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Neotropical Entomology

Print version ISSN 1519-566XOn-line version ISSN 1678-8052

Neotrop. Entomol. vol.35 no.1 Londrina Jan./Feb. 2006 



Diversity of bees and their floral resources at altitudinal areas in the Southern Espinhaço Range, Minas Gerais, Brazil


Diversidade de abelhas e suas fontes florais em campos altitudinais, na Porção Sul da Cadeia do Espinhaço, MG



Vinícius A. AraújoI; Yasmine AntoniniII; Ana P.A. AraújoIII

ILab. Histofisiologia Reprodutiva e Digestiva. Pós-Graduação em Entomologia. Univ. Federal de Viçosa, 36570-000 Viçosa, MG,
IIInstituto de Ciências Exatas e Biológicas, Depto. Ciências Biológicas, Univ. Federal de Ouro Preto, Ouro Preto, MG
IIILab. Termitologia, Pós-Graduação em Entomologia. Univ. Federal de Viçosa, 36570-000, Viçosa, MG




The Southern Espinhaço Range consists of large areas covered by quartzitic or metaliferous tropical altitudinal fields. The Espinhaço Range ecosystems are endangered by anthropic high impacts, particularly due to mining and urbanization. We conducted a one-year inventory of the bee flora and fauna at the quartzitic Ouro Branco Mountains and a two-year survey of the metaliferous Ouro Preto fields. The samples were collected twice a month, from 8:00 am to 5:00 pm. The bees (677) belonged to 91 species, five families. The family Apidae was the richest and most abundant, followed by the Halictidae and Megachilidae. The bees visited 46 flowering plant species; the most visited plants were the Asteraceae (n = 220), the Malpighiaceae (n = 95), the Melastomataceae (n = 94), the Fabaceae (n = 78), and the Solanaceae (n = 63). Diversity was higher in Ouro Branco (H = 1.47) than in Ouro Preto (H = 1.17). The low richness and abundance of bees in our research site when compared to other Brazilian "Cerrado" areas can be due to the high altitude, low temperature, and low availability of flowers we found. "Canga" and rupestrian areas house fauna and flora species that are rare and threatened by extinction. The southern Espinhaço areas can, therefore, be given the status of permanent biodiversity preservation area.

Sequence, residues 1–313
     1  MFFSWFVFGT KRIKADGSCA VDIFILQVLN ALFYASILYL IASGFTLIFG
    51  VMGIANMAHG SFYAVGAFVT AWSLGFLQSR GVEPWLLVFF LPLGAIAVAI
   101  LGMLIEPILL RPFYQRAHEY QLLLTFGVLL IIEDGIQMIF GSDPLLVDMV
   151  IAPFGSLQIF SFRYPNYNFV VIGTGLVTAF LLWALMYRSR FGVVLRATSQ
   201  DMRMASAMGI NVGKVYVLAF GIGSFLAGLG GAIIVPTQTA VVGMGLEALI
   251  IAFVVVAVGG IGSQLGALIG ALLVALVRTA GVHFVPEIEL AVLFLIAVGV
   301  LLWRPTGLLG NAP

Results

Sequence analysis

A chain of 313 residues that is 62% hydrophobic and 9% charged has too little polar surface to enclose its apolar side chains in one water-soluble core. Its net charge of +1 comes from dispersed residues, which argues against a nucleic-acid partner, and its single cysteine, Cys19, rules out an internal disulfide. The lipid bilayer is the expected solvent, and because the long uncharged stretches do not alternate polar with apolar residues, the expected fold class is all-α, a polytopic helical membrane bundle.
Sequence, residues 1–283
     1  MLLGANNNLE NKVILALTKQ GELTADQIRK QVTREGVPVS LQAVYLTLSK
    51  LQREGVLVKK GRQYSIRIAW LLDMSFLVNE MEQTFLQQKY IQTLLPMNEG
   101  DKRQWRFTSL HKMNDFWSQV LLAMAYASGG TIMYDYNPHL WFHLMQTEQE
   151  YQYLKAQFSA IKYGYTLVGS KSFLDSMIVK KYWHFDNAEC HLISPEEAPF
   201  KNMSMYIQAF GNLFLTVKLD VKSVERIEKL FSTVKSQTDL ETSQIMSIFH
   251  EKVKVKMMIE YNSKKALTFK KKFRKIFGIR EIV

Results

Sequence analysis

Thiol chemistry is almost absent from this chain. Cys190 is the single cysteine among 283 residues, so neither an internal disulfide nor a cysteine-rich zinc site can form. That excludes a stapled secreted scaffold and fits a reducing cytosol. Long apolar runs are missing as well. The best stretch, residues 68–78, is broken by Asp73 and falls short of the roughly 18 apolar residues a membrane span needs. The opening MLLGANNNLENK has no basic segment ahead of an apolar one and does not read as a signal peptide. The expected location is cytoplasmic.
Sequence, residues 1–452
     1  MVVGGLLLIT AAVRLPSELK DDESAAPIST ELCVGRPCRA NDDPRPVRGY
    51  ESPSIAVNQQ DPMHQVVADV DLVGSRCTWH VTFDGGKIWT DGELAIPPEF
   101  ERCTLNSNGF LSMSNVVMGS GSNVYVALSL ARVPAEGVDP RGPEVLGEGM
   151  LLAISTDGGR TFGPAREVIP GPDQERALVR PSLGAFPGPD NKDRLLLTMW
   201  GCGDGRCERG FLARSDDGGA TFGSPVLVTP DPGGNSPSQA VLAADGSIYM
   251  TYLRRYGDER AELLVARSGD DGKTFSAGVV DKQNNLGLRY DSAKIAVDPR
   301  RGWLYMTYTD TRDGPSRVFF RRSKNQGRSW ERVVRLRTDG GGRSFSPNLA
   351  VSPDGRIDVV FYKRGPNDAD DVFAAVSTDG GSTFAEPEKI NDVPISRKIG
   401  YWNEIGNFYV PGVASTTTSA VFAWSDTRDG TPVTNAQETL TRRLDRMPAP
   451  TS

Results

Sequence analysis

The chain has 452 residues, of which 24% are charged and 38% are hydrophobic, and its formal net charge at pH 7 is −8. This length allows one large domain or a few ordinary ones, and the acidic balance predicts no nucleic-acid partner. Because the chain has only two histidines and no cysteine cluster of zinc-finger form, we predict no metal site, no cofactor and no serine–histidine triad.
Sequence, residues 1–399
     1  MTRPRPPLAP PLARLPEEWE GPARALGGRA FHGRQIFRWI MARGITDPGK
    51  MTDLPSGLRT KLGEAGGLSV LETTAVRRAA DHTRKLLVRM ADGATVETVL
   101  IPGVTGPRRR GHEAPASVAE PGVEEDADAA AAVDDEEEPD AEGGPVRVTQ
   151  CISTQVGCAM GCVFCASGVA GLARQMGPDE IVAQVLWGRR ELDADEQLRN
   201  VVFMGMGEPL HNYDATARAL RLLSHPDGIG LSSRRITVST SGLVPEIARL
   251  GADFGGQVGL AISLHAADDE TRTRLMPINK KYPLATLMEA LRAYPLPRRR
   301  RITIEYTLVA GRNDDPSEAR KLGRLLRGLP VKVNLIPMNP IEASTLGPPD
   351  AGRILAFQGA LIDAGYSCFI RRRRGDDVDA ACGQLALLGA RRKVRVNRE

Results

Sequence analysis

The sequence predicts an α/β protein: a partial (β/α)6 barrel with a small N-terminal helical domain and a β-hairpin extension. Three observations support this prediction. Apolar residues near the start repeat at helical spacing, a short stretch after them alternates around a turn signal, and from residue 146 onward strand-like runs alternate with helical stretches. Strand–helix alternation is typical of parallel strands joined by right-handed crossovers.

Key words: Apidae, bee fauna, conservation


A porção sul da Cadeia do Espinhaço apresenta amplas áreas cobertas por campos altitudinais tropicais, quartizíticos ou metalíferos. Esses ecossistemas estão extremamente ameaçados, devido ao alto impacto antrópico, como a mineração e a urbanização. Nesse estudo inventariou-se a fauna e flora apícola durante um ano em uma área de campo rupestre (Serra de Ouro Branco) e durante dois anos em uma área de canga (Ouro Preto). Foram realizadas coletadas quinzenais de 8:00h às 17:00h. Foram coletados 677 indivíduos pertencentes a 91 espécies de abelhas de cinco famílias. Apidae foi a família mais rica e abundante, seguida por Halictidae e Megachilidae. As abelhas visitaram 46 espécies de plantas e as famílias mais visitadas foram: Asteraceae (n = 220), Malpighiaceae (n = 95), Melastomataceae (n = 94), Fabaceae (n = 78), e Solanaceae (n = 63). A região de Ouro Branco apresentou maior diversidade (H = 1,47) que Ouro Preto (H = 1,17). A baixa riqueza e abundância de abelhas, quando comparada a outras regiões de cerrado, podem ser atribuídas aos fatores ambientais das áreas de estudo: alta altitude, temperatura e disponibilidade de recursos florais. Áreas de canga e campo rupestre abrigam espécies raras e ameaçadas de extinção da fauna e flora. Áreas no sul do Espinhaço podem, entretanto, serem consideradas possíveis áreas de conservação biológica permanente.

Palavras-chave: Apidae, cerrado, fauna de abelhas, conservação